A designer’s impact is limited by how much influence they have on the team around them. You can uncover valuable insights, but if you can’t frame those in the correct way to convince your team to act on them, they’re not so valuable.

It’s easy to get fixated on design process. This is where designers feel comfortable and familiar. And it’s important too — designers should care about the design process. The process will impact the quality of the insights or ideas that are generated. But exerting influence is the limiting factor.

If no-one acts on your insights, they aren’t valuable

Derek Sivers talks about how ‘ideas are just…


Mistakes were made but here’s what I learned

Photo: Tom Werner/Getty Images

Late last year, I moved from a role as an individual contributor into a new job as a people manager. I have made a lot of mistakes in a short space of time which, of course, also means I have learned a lot.

Based on a talk I gave at Design Leadership 2019 in Melbourne, Australia, here are some of the things I have learned:

Mistake 1: I underestimated the role change

Your day will start to look quite different as a manager. I had always spent time in meetings but moving into a management role added at least six hours a week of meetings onto my…


Map icon from NounProject

I used to tell my colleagues that if they wanted to make money, there were many easier ways to do it than drug research. How wrong could I have been! In business as in science, it seems that you are often most successful in achieving something when you are trying to do something else. I think of it as the principle of ‘obliquity’.

- James Black

Sometimes the best way to get from A to B is not a straight line. And sometimes the best way to achieve your overall objective isn’t the obvious way. I think there’s a lot…


Thanks Fahmihorizon at Noun Project for the icon!

If you want a concept to stick, give it a name. With objects, we can see them and touch them. A cushion is a cushion. But concepts can be abstract and hard to discuss.

In the ‘User Experience Team of One’, Leah Buley discusses ‘listening tours’ as an activity to complete. A listening tour is essentially walking around your office and talking to different people. It involves gathering people’s thoughts by, well, listening to them. There are some rules around how to do this effectively but in essence it’s talking to a bunch of people.

Giving it the name ‘listening…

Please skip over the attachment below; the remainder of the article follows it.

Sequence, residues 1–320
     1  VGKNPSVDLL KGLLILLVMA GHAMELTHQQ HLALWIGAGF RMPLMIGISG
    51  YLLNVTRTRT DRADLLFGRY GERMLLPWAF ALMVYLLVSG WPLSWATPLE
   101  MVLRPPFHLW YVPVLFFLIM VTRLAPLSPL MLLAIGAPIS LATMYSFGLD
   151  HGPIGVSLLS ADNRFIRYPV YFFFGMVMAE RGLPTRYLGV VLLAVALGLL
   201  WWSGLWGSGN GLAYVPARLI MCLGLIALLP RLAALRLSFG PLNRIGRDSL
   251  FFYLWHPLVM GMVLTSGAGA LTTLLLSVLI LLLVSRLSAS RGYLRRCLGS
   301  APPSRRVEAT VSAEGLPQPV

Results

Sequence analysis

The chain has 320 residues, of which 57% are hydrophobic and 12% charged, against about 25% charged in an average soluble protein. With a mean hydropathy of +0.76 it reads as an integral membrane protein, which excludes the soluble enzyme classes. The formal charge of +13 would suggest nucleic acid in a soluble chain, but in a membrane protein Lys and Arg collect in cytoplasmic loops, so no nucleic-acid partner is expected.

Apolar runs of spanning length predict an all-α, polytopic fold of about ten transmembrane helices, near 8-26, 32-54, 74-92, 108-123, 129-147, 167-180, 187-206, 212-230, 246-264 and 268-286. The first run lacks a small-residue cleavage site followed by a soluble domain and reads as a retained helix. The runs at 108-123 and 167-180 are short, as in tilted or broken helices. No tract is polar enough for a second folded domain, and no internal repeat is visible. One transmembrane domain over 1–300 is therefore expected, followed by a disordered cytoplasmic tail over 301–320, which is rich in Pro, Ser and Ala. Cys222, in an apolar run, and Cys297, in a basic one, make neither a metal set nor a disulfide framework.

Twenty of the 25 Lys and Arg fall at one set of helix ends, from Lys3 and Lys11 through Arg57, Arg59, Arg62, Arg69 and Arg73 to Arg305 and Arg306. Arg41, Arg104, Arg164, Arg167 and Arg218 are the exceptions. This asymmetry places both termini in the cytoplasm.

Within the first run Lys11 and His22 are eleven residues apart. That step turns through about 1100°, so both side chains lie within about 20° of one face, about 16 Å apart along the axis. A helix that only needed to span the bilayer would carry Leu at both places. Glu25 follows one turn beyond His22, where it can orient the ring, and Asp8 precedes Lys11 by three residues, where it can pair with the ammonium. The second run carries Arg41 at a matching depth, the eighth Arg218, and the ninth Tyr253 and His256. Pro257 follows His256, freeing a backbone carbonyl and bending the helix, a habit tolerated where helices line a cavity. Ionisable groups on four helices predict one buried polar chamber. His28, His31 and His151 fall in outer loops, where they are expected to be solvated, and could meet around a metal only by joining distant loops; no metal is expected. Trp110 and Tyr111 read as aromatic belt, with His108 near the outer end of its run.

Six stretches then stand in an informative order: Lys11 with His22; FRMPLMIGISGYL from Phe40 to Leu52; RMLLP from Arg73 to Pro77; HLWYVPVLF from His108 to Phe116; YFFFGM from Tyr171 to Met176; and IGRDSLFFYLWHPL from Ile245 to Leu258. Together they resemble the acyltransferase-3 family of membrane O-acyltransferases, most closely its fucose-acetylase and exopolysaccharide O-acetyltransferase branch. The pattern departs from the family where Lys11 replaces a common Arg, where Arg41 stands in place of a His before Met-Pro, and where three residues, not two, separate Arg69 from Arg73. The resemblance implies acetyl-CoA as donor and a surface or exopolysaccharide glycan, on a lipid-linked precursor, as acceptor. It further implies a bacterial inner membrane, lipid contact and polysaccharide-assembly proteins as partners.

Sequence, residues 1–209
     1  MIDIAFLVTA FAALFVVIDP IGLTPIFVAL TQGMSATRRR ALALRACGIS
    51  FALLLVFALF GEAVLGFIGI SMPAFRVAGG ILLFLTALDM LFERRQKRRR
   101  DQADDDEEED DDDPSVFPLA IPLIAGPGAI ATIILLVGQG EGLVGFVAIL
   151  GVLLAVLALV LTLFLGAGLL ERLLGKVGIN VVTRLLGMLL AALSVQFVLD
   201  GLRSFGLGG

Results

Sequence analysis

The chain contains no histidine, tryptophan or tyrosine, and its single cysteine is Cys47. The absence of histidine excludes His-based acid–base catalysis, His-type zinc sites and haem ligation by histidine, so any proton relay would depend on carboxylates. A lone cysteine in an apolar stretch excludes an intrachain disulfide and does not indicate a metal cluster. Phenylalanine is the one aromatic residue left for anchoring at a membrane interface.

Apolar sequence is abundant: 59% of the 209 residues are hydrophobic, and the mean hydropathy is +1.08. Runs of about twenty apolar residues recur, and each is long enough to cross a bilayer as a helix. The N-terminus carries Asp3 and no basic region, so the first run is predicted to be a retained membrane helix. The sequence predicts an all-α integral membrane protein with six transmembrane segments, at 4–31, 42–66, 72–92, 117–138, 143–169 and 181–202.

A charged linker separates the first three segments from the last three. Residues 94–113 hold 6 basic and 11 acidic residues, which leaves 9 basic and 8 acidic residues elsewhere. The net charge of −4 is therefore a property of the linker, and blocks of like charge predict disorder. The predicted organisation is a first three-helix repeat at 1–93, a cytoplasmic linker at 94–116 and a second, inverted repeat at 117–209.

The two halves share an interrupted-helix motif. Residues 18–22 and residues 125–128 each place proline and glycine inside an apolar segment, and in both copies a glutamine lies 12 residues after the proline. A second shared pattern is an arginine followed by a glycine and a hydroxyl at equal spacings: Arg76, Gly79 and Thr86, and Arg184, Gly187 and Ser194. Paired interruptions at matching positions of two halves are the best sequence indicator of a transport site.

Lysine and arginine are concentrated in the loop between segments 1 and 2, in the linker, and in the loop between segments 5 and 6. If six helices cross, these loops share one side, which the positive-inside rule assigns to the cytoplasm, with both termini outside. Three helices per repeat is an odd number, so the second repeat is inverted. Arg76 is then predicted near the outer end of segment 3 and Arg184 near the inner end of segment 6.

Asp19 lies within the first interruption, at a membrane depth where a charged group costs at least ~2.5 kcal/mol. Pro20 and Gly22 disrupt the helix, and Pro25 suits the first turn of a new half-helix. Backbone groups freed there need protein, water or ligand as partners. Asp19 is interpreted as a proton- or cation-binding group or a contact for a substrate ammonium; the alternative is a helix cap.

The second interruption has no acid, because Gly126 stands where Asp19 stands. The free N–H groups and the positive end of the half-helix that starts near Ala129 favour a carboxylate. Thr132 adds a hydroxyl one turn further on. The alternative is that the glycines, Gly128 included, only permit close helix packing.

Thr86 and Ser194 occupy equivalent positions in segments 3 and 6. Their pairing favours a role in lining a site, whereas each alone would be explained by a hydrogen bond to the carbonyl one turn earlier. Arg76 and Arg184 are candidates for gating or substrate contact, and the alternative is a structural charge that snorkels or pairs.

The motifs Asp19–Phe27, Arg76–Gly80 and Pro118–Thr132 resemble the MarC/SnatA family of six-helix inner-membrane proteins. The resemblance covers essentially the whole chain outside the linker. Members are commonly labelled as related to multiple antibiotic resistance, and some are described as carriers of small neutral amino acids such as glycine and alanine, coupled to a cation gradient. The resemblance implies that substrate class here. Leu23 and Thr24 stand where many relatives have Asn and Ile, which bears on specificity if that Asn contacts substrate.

Out of all the reading, watching, listening I’ve done to people in the design industry over the last year, this Paul Adams talk from UX London has been the one that’s altered my perspective the most.

You should watch it or read the summary on the Intercom blog, here.

Here are the three key things I’ve taken from it.

There’s no such thing as UX design

It’s clear someone read Sapiens. The main point here is that everything we know as ‘UX’ is something someone made up at some point because it gave some kind of value. …


Chocolate bar modified from QualityIcons on the awesome Noun Project :)

I used to be a slave to the chocolate overlords.

In my old job, every day at 3pm, I’d make a quick coffee. We had a Nespresso machine at my office, so when I started making my coffee I’d have a few seconds to kill. I would open a drawer right above the machine and grab a mini chocolate bar as I waited. Usually a Mars. When the coffee was done, I’d grab another bar and head back to my desk. Lovely stuff. Sugar high in tow, I’d be good until the end of the day.

So, at this stage, I was eating two mini chocolate bars a day. Let’s…


Thanks to @Ignat at Noun Project for the icon

As I’ve worked in design, my focus has moved from the practice of design work and “nitpixeling” (thanks for this word Jon Moore) to focusing on the bigger picture.

By the bigger picture I don’t just mean company objectives, or working with the executives. I’m talking about the team I’m working in. The products we are making. The experience our customers have in and around our products. This could be a small startup with a couple of developers, or could be a cross-functional development team in a large organization — essentially a small group, working towards the same outcome.

I’ve…


The ol’ red dot.

15 years ago, I made two major choices before I went to school in the mornings. I picked what cereal I would have (how good were Ricicles?), then sifted through my CD collection before popping one into my Discman for the day.


Over the past couple of months, I’ve been writing a couple of Medium articles and putting together some content for a new eBook that I’ve been creating called ‘UX on a Budget: The Practical Guide’. I’m pleased to say the eBook is now ready to go :)

I’ve made the book free for the first week, and after that I’ll charge a small amount which I then hope to re-invest into creating the next book in the series (pay for illustrations etc).

If you enjoy the resource, any small donation would be appreciated and it would be even better if you could share it far and wide.

I welcome any feedback and hope you enjoy!


This is a continuation of my series on ‘UX on a Budget’. If you haven’t read part one, I’d strongly recommend giving it a read before getting into this article. You can find it below.

In part one, I discussed the first stage of IDEO’s circular design methodology, ‘Understand’. In this article, I’m going to walk through the next two stages, ‘Define’ and ‘Make’.

In part one, I discussed the first stage of IDEO’s circular design methodology, ‘Understand’. In this article, I’m going to walk through the next two stages, ‘Define’ and ‘Make’.

In keeping with theme of this series…

Vinny

Love ⚽️⛳️🚲🎸. Design Lead at MYOB, helping small businesses succeed. Norn Irish.

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